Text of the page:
Thursday, May 6, 2010
Zach Kramer (currently at Penn State, on his way to Arizona State) has posted on SSRN his forthcoming piece in the Northwestern University Law Review Colloquy: Heterosexuality and Military Service.
Here is the abstract:
The military’s “Don’t Ask, Don’t Tell” Policy (DADT) is based on a faulty understanding of the relationship between heterosexuality and military service. DADT is built around the idea that because gay sex disrupts unit cohesion, lesbians and gay men cannot be allowed to serve openly in the military. The policy rests on the idea that gay sex is more harmful to military effectiveness than other kinds of sexual conduct. Yet the military regulates a wide range of heterosexual sexual conduct—from blanket rules against sexual conduct altogether, to criminal laws targeting specific sexual acts and relationships, such as sodomy, adultery, fraternization, and a short-lived criminal law against pregnancy—and these regulations are all designed to protect unit cohesion. This Essay argues that DADT’s focus on homosexuality is misplaced. What the military thinks of as a problem with homosexuality is really a problem with sexual conduct in general.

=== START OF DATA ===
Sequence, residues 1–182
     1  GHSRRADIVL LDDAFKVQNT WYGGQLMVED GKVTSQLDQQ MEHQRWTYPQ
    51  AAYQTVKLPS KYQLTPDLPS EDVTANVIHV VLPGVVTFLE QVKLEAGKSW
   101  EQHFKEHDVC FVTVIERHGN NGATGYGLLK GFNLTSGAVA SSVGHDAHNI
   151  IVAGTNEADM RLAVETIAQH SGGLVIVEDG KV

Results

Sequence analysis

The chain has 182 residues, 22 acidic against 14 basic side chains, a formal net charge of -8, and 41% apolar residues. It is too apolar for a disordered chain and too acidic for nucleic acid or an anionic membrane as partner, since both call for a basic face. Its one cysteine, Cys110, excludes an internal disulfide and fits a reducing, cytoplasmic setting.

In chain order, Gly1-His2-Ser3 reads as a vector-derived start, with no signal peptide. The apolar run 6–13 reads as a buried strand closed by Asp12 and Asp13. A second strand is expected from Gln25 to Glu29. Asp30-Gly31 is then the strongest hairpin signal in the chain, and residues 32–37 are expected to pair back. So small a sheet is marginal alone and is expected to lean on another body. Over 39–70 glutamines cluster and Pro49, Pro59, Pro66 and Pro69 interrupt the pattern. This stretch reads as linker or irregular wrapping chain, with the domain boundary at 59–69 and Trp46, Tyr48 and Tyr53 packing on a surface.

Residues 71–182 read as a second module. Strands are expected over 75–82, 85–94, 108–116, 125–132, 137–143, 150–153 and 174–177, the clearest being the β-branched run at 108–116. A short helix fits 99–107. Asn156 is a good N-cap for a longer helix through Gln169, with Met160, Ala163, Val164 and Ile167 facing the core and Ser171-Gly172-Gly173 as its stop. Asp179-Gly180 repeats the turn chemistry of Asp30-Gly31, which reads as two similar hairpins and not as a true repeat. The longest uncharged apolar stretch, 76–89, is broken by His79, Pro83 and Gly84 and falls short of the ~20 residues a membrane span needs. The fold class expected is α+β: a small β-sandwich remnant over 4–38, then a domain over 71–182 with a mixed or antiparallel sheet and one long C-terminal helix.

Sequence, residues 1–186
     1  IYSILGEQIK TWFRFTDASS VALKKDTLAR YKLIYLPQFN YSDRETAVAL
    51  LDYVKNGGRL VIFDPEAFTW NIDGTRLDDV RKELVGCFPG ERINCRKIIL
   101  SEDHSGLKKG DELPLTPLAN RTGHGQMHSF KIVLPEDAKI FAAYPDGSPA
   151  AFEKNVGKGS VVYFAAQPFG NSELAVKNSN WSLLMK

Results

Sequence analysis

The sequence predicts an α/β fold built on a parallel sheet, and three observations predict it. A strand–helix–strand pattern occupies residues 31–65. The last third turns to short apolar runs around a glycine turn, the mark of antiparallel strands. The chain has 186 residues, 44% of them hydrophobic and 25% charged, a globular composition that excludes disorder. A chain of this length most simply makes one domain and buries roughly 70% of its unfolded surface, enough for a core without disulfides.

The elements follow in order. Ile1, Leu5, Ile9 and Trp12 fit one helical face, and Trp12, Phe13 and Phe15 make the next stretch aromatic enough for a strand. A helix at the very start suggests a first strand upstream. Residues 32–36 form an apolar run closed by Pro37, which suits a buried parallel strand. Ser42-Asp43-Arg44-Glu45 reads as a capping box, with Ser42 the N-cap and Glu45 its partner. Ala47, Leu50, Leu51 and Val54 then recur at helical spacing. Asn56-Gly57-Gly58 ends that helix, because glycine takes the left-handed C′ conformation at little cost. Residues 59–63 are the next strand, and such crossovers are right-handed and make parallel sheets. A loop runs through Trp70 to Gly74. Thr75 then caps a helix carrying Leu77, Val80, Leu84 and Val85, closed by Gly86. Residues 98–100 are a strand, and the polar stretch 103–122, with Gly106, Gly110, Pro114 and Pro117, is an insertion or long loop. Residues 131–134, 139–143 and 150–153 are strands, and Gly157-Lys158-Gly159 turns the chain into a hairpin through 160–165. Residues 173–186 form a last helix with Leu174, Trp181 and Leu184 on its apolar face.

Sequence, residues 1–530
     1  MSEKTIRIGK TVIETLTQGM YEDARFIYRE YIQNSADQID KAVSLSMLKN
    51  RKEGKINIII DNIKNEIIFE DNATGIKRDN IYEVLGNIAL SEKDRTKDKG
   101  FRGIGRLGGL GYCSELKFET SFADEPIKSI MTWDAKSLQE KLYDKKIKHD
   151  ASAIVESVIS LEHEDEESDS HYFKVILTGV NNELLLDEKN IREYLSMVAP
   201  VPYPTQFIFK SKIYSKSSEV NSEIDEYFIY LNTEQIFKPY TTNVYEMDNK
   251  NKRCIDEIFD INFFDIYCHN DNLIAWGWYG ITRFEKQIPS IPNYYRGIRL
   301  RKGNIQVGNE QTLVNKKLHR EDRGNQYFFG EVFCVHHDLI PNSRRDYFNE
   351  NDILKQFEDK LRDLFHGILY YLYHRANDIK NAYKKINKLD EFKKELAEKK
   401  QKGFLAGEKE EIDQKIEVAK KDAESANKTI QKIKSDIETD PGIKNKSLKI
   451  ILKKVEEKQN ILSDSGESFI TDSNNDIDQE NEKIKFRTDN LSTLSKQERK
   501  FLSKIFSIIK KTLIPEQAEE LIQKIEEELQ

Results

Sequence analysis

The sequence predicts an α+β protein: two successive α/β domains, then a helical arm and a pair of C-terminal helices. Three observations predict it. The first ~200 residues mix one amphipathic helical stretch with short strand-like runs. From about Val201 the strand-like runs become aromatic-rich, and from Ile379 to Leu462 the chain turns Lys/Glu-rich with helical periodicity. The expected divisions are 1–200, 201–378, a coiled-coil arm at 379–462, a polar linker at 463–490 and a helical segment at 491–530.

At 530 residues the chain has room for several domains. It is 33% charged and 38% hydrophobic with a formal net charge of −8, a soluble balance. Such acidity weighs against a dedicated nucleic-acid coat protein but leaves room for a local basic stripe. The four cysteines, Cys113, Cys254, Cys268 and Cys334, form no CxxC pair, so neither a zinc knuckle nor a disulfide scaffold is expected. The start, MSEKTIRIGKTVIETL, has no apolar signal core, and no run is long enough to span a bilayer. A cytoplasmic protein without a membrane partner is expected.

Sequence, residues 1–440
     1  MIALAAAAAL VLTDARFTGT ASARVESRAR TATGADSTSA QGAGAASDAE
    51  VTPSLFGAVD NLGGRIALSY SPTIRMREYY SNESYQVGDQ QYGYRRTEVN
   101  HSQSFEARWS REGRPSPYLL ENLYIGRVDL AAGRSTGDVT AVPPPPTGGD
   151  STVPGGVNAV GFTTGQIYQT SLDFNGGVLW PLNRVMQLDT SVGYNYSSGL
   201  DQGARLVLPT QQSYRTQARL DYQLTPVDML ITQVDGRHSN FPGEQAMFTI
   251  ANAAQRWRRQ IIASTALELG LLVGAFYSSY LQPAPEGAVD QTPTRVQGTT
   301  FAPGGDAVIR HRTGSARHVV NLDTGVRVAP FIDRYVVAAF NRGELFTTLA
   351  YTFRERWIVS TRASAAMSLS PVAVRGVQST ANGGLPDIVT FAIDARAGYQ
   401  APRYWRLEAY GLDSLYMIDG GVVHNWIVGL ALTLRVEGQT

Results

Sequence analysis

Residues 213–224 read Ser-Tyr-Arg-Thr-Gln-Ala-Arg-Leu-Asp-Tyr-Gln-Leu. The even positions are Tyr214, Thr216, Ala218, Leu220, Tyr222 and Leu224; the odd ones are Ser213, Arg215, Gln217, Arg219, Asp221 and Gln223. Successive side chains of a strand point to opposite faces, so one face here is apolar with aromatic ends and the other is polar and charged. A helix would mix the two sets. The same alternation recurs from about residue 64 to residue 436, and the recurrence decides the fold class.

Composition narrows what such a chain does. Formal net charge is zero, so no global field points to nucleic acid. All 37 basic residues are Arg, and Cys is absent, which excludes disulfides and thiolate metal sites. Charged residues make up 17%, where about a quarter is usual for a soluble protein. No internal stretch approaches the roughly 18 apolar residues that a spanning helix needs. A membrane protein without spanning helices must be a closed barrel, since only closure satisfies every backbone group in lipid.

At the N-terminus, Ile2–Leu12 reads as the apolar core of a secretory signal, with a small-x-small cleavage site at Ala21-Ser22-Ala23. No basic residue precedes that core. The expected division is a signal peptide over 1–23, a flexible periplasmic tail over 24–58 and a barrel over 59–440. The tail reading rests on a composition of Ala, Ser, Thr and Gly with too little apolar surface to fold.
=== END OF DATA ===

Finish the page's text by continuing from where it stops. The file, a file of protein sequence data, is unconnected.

Interesting and timely piece by Zach, especially given the possibility of imminent Congressional action on DADT. Check it out.